: The Blawgraphy
Life of a Law Student, University of Houston Law Center

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More on the Fulbright & Jaworksi N-word incident

By: Luke Gilman | Other Posts by
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I posted my reaction to the n-word incident at Duke – Fulbright & Jaworski Partner Drops N-Word in Interview; Sky Falls – having only read the early reports based on Dean Bartlett’s interview. A big thanks to Hans Bader for alerting me to the more recent developments. His comment appears in full below my first post. F&J’s executive committee issued the following response, which I find very illuminating:

Because you may hear about or be asked about a recent situation at a law school where attorneys participated in training interviews of students, we want to bring it to your attention. One of our lawyers recounted a story about Leon Jaworski’s defense of an African-American man in a murder trial in Waco, Texas in the 1920s. During the retelling, in an effort to display the depth of racial hostility that Jaworski and his client faced, the attorney used a racial term that characterized what the district attorney in the case said about the defendant. After review of the situation, all involved concluded that such terms, although recounted without ill intentions, are inappropriate for our firm, which values diversity and strives for inclusiveness. We are addressing the situation, and Steve Pfeiffer and other senior partners are en route to meet with the students. One of the other attorneys who participated in the training session acted immediately when the incident was called to his attention and responded with an electronic letter of explanation and appropriate apology. Any inquiries should be directed to the firm’s Hiring Partner, Gerry Lowry. Executive Committee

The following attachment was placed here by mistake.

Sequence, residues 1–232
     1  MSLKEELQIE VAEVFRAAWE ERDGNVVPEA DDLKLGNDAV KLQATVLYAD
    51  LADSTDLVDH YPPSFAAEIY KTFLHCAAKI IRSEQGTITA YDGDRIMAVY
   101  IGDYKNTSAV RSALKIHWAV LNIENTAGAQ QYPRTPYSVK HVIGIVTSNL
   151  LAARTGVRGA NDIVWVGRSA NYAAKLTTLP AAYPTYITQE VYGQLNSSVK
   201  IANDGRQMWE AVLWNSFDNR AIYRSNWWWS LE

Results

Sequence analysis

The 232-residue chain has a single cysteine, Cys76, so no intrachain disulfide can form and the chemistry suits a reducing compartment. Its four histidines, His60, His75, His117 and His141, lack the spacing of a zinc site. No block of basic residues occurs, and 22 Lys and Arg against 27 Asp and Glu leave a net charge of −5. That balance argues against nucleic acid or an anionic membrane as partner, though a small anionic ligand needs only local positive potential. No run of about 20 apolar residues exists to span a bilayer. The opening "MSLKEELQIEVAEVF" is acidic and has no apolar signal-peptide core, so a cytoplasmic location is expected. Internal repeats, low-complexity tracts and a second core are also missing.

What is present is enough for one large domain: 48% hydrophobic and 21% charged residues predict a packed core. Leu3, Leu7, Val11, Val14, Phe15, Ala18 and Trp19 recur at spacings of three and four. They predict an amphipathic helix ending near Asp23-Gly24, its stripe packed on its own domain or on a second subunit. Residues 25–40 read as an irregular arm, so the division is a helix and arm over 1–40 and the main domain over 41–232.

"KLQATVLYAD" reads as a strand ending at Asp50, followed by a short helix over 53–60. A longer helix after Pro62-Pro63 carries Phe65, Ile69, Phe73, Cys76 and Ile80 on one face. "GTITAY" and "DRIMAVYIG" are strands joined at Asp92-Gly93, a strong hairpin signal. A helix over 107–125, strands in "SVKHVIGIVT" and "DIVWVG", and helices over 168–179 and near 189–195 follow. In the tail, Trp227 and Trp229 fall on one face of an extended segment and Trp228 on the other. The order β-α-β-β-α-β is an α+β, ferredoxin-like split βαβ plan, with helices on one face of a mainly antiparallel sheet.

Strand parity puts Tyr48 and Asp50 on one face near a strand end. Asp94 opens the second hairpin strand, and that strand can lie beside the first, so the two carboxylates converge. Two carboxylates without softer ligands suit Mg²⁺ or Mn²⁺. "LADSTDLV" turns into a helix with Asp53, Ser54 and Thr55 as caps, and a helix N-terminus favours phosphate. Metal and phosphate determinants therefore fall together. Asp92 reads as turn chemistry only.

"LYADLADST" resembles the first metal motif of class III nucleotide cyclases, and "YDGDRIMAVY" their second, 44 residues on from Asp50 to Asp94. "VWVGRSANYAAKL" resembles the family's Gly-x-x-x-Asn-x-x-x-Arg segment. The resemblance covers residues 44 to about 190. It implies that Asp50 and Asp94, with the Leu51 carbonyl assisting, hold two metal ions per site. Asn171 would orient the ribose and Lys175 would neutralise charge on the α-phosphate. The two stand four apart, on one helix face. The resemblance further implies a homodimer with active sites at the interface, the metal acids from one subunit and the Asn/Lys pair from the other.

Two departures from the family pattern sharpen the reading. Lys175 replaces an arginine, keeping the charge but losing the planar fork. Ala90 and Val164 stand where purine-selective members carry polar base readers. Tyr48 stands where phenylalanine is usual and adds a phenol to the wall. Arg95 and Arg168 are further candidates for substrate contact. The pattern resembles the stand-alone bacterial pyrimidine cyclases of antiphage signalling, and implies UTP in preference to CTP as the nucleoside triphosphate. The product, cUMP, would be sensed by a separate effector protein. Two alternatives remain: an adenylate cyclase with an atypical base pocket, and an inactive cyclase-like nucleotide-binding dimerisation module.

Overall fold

Dean Bartlett’s only explanation of what actually transpired is as follows:

A Duke student reported that a partner from Fulbright & Jaworski who was meeting students on campus told a story in which “the n word” was attributed to one of the characters in the story. Understandably, the use of the word offended the student.

“Attributed to one of the characters in the story” could take many plausible forms, many of which are particularly damaging. To me that phrase implies something along the lines of an off-color joke, certainly not giving an example of an opposing prosecutor’s actual racism. Indeed, context is everything. If those facts are right, then I find Bartlett’s description is misleading if not dishonest. Her description invites the reader to imply a much more sinister context than what seems to have actually taken place.

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Category: lawyers behaving badly, Texas, Texans & the Law, Uncategorizable


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